Saturday, March 13, 2010

The Wheels of Change

The wheels are literally turning in the classroom with our three year olds. The teacher in this classroom is experimenting with Emergent Curriculum for the first time this year.

Her class so far has studied Babies since so many of the children’s mothers were pregnant. The day they did their research on the live baby was quite interesting! I’m glad they had a very brave mother willing to help out with that endeavor.

They also studied Paint including a discussion of Rembrandt followed by painting under the tables to simulate painting the Sistine Chapel.

They are now undergoing an investigation of Wheels. I asked the teacher how this started in her class and she explained to me that several of the children had been bringing in cars from home to show her each day. She had put out various cars in the block area to recognize this interest and the children became enthralled. Adding a few ramp blocks increased the interest exponentially and a new idea for investigation was born.

She then brainstormed with the children different objects in the world that use wheels and the operators of those vehicles. The children came up with quite interesting answers including steering wheels and baby carriages.

We then had a discussion of how to generate questions that the children might have about wheels or vehicles. It is very hard to sit three year olds down and ask them if they have any questions. Usually when you do this, they will tell you something about themselves. “My car has wheels.” “I like race cars” “I have a red car.”

As we were discussing this, one of the staff asked, do children have questions about this? My father likes to tell the story of how as a young girl of three or four, we went on a very long hike for several hours and I proceeded to ask questions the entire time, absolutely exhausting him. Young children do have questions and will ask them, but not when you sit them on a rug in isolation and ask them what they are.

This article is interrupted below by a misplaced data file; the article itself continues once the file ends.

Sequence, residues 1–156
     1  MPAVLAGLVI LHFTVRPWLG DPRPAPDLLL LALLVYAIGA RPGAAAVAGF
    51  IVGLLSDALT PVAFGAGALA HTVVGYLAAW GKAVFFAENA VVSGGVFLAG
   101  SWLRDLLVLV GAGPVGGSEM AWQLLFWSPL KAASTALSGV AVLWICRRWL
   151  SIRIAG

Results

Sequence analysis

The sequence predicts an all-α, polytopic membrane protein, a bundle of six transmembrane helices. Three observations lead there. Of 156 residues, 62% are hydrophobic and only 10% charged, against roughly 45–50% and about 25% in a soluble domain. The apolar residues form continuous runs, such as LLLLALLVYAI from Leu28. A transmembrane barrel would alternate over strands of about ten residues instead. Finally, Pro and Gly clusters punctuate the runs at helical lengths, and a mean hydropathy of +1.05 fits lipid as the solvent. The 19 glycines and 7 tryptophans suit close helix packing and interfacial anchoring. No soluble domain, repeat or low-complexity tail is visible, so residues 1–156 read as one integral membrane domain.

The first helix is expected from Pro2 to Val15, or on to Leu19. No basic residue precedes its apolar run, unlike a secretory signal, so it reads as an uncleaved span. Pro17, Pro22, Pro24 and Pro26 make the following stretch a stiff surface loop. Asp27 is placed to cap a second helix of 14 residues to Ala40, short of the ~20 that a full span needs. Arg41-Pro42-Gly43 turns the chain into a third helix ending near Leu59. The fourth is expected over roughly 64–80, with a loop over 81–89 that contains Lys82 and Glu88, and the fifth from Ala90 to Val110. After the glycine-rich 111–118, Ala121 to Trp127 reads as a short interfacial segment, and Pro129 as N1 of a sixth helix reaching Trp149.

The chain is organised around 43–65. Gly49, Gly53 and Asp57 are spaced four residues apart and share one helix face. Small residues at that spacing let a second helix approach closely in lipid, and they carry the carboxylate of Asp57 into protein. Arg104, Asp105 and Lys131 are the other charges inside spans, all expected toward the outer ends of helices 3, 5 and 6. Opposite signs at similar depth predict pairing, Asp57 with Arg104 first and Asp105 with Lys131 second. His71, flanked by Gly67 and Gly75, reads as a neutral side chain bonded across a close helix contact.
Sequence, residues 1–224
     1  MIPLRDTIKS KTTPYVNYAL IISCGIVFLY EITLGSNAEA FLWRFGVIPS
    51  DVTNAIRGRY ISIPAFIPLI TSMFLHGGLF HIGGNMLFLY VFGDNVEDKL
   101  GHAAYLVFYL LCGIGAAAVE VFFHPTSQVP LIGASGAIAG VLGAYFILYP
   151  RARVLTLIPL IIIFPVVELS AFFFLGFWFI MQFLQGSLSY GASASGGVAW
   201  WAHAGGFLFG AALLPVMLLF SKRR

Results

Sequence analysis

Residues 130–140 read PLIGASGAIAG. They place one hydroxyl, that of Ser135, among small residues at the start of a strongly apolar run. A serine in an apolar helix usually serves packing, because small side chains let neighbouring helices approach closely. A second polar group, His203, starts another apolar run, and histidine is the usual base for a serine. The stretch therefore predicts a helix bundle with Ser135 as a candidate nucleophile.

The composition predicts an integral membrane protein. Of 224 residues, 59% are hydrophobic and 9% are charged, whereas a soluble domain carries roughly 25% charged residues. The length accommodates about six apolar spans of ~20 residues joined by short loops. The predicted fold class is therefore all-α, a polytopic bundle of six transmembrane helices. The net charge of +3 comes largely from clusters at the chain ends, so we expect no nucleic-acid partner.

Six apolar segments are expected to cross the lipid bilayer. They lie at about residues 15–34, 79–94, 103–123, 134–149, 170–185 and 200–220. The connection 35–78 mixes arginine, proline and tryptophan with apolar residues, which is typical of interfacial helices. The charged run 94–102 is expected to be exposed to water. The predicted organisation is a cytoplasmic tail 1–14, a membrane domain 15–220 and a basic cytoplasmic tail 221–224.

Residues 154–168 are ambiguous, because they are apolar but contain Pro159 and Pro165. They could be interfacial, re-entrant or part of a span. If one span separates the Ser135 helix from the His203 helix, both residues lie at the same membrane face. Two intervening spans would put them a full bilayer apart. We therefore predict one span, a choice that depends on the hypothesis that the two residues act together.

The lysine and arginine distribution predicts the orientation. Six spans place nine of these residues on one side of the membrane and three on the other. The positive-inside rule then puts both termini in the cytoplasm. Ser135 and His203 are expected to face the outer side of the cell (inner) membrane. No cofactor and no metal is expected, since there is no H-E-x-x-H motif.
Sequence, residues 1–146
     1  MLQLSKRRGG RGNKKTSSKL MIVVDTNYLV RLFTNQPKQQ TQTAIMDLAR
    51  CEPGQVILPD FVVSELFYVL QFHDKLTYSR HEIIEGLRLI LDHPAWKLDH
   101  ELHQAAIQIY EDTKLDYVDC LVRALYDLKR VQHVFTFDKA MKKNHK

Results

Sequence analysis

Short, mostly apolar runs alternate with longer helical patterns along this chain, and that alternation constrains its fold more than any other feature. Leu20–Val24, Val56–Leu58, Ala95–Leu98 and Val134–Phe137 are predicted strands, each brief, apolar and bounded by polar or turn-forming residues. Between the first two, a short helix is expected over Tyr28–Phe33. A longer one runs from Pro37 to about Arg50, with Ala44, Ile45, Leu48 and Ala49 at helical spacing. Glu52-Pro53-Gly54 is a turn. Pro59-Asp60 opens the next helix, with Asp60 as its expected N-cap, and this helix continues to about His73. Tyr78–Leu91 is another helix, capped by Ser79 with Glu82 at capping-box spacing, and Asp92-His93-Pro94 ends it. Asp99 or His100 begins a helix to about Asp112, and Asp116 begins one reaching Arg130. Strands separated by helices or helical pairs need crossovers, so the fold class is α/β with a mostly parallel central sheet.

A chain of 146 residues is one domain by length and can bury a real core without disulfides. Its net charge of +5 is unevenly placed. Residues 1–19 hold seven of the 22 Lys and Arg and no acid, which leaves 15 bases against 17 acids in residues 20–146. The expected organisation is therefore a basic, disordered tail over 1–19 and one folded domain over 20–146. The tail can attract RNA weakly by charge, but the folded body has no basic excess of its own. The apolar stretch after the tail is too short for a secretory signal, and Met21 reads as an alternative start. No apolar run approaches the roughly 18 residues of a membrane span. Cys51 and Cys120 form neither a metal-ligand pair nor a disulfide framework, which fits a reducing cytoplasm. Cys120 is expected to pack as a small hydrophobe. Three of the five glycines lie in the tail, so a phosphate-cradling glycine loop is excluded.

For young children you need to expose them to objects and experiences and then listen to them. What are they noticing and asking at the time? Put out books and materials and touchable objects for them to react to and then record their wonderings.

I suggested taking a walk through our upper parking lot to look at the various vehicles that the staff drives and noticing the different wheels that each has. As the children notice things or ask questions aloud, record these thoughts. Then later, they can be shared with the group. “We noticed that not all the wheels were the same size, why are some wheels bigger?” “We noticed that the motor cycle only has two wheels, does every vehicle have 4 wheels?” (we are a really cool staff, but, alas, it is our neighbor who has the motorcycle.)

Then these questions can be the basis for your discoveries.

It is a work in progress as we try this new approach in this classroom. It is important to point out the importance of reflection and collaboration. It can be disconcerting to leave behind the comfort of what you “have always done” to embrace the direction the children are taking you. I applaud this teacher and all risk takers willing to embrace change. Keep those wheels turning!

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